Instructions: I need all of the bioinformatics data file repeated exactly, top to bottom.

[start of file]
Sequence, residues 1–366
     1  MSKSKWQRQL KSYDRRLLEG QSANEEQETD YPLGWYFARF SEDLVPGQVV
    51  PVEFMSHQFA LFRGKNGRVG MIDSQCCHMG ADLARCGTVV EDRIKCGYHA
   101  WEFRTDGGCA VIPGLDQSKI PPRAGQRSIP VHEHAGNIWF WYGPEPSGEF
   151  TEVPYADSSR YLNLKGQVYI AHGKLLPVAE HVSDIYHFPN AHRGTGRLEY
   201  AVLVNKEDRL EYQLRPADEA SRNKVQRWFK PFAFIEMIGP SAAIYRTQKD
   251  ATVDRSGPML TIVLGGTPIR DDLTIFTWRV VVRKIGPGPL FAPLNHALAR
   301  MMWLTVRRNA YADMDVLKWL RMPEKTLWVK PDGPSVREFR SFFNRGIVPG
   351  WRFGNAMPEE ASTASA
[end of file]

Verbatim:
Sequence, residues 1–366
     1  MSKSKWQRQL KSYDRRLLEG QSANEEQETD YPLGWYFARF SEDLVPGQVV
    51  PVEFMSHQFA LFRGKNGRVG MIDSQCCHMG ADLARCGTVV EDRIKCGYHA
   101  WEFRTDGGCA VIPGLDQSKI PPRAGQRSIP VHEHAGNIWF WYGPEPSGEF
   151  TEVPYADSSR YLNLKGQVYI AHGKLLPVAE HVSDIYHFPN AHRGTGRLEY
   201  AVLVNKEDRL EYQLRPADEA SRNKVQRWFK PFAFIEMIGP SAAIYRTQKD
   251  ATVDRSGPML TIVLGGTPIR DDLTIFTWRV VVRKIGPGPL FAPLNHALAR
   301  MMWLTVRRNA YADMDVLKWL RMPEKTLWVK PDGPSVREFR SFFNRGIVPG
   351  WRFGNAMPEE ASTASA